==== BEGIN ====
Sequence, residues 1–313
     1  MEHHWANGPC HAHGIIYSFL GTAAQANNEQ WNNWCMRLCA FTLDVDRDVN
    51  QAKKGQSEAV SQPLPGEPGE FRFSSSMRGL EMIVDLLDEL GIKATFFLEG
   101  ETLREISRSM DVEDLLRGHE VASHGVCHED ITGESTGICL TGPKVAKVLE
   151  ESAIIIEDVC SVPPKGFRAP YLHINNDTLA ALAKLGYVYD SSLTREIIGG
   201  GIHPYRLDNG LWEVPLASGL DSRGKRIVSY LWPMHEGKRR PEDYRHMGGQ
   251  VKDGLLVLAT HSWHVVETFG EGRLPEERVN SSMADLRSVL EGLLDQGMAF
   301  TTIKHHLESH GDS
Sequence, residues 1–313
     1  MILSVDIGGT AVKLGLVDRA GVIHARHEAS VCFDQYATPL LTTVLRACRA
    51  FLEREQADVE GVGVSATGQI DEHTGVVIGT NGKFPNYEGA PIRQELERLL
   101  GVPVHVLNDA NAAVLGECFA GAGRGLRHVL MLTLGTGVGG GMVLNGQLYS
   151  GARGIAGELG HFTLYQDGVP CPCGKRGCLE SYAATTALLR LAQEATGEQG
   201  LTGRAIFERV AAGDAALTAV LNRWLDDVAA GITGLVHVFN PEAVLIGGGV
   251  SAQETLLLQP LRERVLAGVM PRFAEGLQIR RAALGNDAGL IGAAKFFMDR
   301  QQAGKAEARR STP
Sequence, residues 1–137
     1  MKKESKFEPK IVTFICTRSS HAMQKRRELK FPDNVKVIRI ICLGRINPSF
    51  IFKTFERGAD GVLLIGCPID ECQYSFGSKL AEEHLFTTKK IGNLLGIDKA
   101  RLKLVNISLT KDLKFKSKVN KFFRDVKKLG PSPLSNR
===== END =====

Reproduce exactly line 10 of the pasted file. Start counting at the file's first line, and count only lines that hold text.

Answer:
     1  MILSVDIGGT AVKLGLVDRA GVIHARHEAS VCFDQYATPL LTTVLRACRA